This post has been written for the theme “26 Places, 26 Memories” for the #AtoZChallenge.
X FOR XI’AN:
Xi’an is the capital of the Shaanxi Province in central China. This large city has been the chosen capital of multiple Chinese dynasties. The real draw of the place, however, is its fascinating Terracotta Army or Bingmayong.
Local farmers in the area, discovered life-sized terracotta figurines buried underground, while digging the land in 1974. Slowly, archaeological sites in Xi’an’s surrounding plains uncovered thousands of life-sized, hand-moulded figures buried with China’s first emperor, Qin Shi Huang.
I visited Xi’an on a trip to China with my family and close family friends, in April 2009. We covered Beijing and Shanghai and spent a night in Xi’an. China is a cultural experience beyond anything you’ve imagined. It was like being transported to a different world. Though the entire trip was memorable, this visit really stood out.
‘XCEPTIONAL ‘XHIBITS AT XI’AN:
The grimy streets and crowded by lanes of Xi’an were so unlike the orchestrated sparkle of Beijing and the slickness of Shanghai; that even our short visit seemed too much when we arrived. It was like walking through Daryaganj in Delhi- not for the faint of heart!
The archaeological site had long lines of tourists patiently waiting to buy tickets, and the large crowds added to my irritability. However, when we finally entered after navigating the serpentine queue, I was completely blown away.
There were rows upon rows of massive statues of men in full military dress holding weapons. Each statue was life-sized and completely life-like; with unique expressions, some angry, some serene, some sad. Each statue was dressed according to its military rank; and carried an assortment of weapons, no two soldiers with the exact same. The peripheries of the room housed other items that were found buried along with the army, as well as explanations of this wondrous exhibit in Chinese and English.
We learnt that thousands of figurines including soldiers, chariots and horses, had been buried along with emperor Qin Shi Huang, in perhaps the largest recorded funerary art display in the world. The army was buried with the emperor in 210–209 BCE to protect him in his afterlife. Further along, other pits were found with non-military figures including officials, acrobats, strongmen, and musicians.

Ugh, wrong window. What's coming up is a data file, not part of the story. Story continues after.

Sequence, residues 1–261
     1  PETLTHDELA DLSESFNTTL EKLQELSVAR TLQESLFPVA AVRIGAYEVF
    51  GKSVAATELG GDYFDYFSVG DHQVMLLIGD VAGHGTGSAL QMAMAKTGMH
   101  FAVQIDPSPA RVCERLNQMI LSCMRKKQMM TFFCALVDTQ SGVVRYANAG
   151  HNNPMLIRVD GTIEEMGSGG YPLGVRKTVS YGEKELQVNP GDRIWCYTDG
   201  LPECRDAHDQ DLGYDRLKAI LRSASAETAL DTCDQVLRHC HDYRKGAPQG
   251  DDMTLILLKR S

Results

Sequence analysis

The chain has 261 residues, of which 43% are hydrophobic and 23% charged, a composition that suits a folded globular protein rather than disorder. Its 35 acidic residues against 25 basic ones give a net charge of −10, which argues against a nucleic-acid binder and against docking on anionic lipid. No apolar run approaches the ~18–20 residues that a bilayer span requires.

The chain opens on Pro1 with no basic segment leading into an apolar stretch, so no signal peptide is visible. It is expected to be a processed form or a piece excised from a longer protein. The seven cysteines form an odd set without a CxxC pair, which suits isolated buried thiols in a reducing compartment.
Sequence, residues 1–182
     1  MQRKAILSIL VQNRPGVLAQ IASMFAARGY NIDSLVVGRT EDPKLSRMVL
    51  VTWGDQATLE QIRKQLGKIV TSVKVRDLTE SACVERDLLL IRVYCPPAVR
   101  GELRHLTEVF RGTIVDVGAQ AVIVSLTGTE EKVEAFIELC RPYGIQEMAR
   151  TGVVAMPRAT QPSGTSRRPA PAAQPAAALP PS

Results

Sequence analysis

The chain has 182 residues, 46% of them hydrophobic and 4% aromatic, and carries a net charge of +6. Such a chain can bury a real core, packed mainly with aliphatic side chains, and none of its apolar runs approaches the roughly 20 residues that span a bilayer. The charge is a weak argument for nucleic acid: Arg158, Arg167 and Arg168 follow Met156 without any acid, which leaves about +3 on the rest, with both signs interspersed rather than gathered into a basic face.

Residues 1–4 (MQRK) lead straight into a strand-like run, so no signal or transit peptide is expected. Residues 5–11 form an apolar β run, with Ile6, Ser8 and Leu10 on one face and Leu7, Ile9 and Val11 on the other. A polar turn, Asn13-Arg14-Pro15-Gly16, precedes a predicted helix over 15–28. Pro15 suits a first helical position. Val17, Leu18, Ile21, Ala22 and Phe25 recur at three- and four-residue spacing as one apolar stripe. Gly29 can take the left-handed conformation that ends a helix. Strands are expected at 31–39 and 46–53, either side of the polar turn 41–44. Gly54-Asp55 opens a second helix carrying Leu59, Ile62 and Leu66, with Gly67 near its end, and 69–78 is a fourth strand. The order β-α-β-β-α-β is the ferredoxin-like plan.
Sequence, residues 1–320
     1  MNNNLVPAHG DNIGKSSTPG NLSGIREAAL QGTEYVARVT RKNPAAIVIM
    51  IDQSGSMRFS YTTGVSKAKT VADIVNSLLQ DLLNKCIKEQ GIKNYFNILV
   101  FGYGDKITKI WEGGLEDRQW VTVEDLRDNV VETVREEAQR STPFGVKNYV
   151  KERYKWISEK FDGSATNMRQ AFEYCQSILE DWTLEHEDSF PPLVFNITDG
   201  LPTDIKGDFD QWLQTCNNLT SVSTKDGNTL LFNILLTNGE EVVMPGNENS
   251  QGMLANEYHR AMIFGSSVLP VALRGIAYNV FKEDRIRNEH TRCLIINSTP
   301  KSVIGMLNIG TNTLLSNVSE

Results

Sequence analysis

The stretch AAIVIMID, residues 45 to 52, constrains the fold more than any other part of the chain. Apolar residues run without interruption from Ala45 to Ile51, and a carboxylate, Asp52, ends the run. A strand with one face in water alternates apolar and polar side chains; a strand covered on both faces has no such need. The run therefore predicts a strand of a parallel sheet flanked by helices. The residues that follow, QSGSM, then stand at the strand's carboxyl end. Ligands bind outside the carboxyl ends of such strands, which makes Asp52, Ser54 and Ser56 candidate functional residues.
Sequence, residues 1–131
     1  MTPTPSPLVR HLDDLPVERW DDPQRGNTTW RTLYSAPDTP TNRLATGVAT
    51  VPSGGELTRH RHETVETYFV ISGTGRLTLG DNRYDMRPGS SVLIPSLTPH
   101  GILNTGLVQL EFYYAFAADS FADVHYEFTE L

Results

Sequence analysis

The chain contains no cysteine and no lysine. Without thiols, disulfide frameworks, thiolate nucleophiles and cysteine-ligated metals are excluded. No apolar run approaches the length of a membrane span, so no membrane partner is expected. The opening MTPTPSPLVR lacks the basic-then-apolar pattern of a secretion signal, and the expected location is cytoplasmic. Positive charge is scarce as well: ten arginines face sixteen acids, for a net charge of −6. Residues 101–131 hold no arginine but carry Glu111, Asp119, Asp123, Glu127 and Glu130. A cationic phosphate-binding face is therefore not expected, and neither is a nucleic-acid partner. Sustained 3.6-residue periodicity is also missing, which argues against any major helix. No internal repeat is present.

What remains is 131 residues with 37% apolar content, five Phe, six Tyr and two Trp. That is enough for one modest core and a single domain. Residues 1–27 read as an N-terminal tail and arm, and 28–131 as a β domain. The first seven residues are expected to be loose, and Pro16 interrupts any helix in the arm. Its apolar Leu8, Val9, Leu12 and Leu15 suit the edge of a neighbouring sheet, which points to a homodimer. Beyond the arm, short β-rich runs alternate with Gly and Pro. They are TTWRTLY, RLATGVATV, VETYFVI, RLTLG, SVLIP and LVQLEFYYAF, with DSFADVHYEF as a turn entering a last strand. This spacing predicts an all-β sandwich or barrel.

Having studied China’s ‘Middle Kingdom’ philosophy in my History Honours course, I was amazed to experience it in person. The philosophy describes China’s belief of being the centre of the world for centuries. This made them feel that they were superior to other countries, and also ensured that they remained self-sufficient, without resorting to trade of any kind. Further, its leaders imagined themselves to be divine, deserving of a royal coterie after their death.
Can you imagine what a waste of money, time and energy it was to create over 8000 life-sized terracotta figurines, only to bury them? I was astounded by the vanity of this man! Though an exquisite work of art and history, these enormous statues are also a poignant reminder of human greed. No picture can do them justice, one has to see them in person to really take it all in.
That day, I learnt never to roll my eyes at the local sightseeing. The crowds and grime were a small price to pay, to witness a magnificent and unforgettable piece of history 😉
Come back tomorrow for the letter Y and another story!
The archaeological site with the Terracotta Army or Bingmayong in Xi’an, China
Enjoying the sights and sounds of Xi’an, China, April 2009
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A for Amritsar, B for Bhopal, C for Cambodia, D for Delhi, E for England, F for France, G for Gwalior, H for Hemkund Sahib, I for Italy, J for Jim Corbett National Park, K for Kamakhya Devi Temple, L for London, M for Munich, N for Naples, O for Odisha, P for Prague, Q for Qila Mehrangarh Jodhpur, R for Rishikesh, S for Singapore, T for Tarifa in Spain, U for Udhampur in Jammu & Kashmir, V for Velassaru in Maldives, W for Westminster City in London